Only the Opposition seemed to really embrace it, with shadow resources minister Joel Fitzgibbon telling Sky News that Labor was hoping for two gas-fired power plants in the Hunter Valley – one from AGL and one from Snowy Hydro – and that the government’s announcement was “better late than never”. It’s a bad sign. 


“I’d have to urge caution from the states. This bidding war won’t create one extra job in Australia. It just shuffles jobs around Australia.”

Trade Minister Simon Birmingham warns states against throwing taxpayers’ money at Qantas in an effort to attract the airline’s headquarters, which has been located in Sydney since 1938.

“The government will consider a broader response and additional opportunities for reform once the reviewer provides his final report to government.”

A spokesperson for Environment Minister Sussan Ley responds to evidence that the federal government starting preparing controversial legislation to overhaul environment laws before it even received an interim report from a review of the laws, headed by former ACCC chair Graeme Samuel.

Rupert Murdoch’s next move
Australia has one of the most concentrated media markets in the world, and that concentration could worsen as Rupert Murdoch’s News Corp launches a new service. Today, Mike Seccombe on how the Australian Associated Press was nearly shut down, and now faces the prospect of being starved out.

The number of permanent migrants to Australia in 2019–20, of which 95,843 came on skilled visas and 41,961 came under family visas.

“The complaints accuse the ABF and AFP of breaching two of the most sacred international treaties enshrined in Australian law – the Vienna conventions on diplomatic and consular relations – which protect the communications of diplomatic officials. Senior Australian officials have told the ABC they suspect the recent crackdown on Australian journalists in China was retaliation for the investigation, and they fear Beijing will take further actions against Australians and Australian interests if the AFP makes arrests.”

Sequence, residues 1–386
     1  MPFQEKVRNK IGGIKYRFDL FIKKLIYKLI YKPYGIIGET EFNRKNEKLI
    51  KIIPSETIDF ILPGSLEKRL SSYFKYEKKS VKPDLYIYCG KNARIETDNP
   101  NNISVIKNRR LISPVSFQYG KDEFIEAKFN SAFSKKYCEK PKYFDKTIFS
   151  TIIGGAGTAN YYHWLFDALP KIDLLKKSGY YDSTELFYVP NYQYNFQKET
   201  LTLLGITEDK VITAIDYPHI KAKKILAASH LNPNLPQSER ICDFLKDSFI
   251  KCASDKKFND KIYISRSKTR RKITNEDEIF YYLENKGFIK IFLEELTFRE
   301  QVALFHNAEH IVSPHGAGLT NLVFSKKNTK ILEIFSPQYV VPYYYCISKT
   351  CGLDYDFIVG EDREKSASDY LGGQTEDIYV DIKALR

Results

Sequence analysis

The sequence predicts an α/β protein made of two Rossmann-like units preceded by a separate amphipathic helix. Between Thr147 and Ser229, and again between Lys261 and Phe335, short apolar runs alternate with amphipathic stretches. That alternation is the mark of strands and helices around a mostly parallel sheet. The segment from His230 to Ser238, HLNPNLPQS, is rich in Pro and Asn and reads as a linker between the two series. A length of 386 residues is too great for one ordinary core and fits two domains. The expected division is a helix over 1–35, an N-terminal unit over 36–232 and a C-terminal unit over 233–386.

An ABC investigation reveals businessman John Zhang has complained to the federal government about a foreign interference investigation alleging he collaborated with the Chinese consulate in Sydney to infiltrate the office of state Labor MP Shaoquett Moselmane, which was raided by police in June.

The list
 

“Samanta Schweblin is a speculative writer profoundly, urgently involved with the implications of the tech revolution. She is noted for her cast of mind: original, heraldic and sinister. Little Eyes (Oneworld) describes our craving for an emblematic fantasy world enabled through AI.”

“I retired when I was 28 years old, but ran out of money the same afternoon, so I caught a bus to the dole office. My feeling about unemployment was: someone’s got to do it. Why not me? The pay was lousy, but I’d heard the hours were good.”

“Lying on its side, amid piles of logging slash, the tree seems to have been chopped down for no apparent reason. If it was felled by loggers, they have left it behind. In its crown is a large hollow. A termite mound stands next to the stump, defaced with a crudely spray-painted smiley face in fluoro green. The colour of the paint is the same used by FCNSW to mark the habitat and trees that are to be retained.”

Paddy Manning

Paddy Manning is contributing editor (politics) at The Monthly and has worked for the ABC, Fairfax, Crikey and The Australian. He is the author of Body Count: How Climate Change Is Killing Us, Inside the Greens and Born To Rule: The Unauthorised Biography of Malcolm Turnbull.

 

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Government dis-services

Stuart Robert is doing the PM’s dirty work


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The government’s response to the Richardson review needs close scrutiny

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Overlapping exhibitions by the two abstract artists convey their shared radical modernism

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Shamelessly derivative summer puzzle!
Image of Earth from the Moon

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The myth of the ‘overview effect’, and how it serves space industry entrepreneurs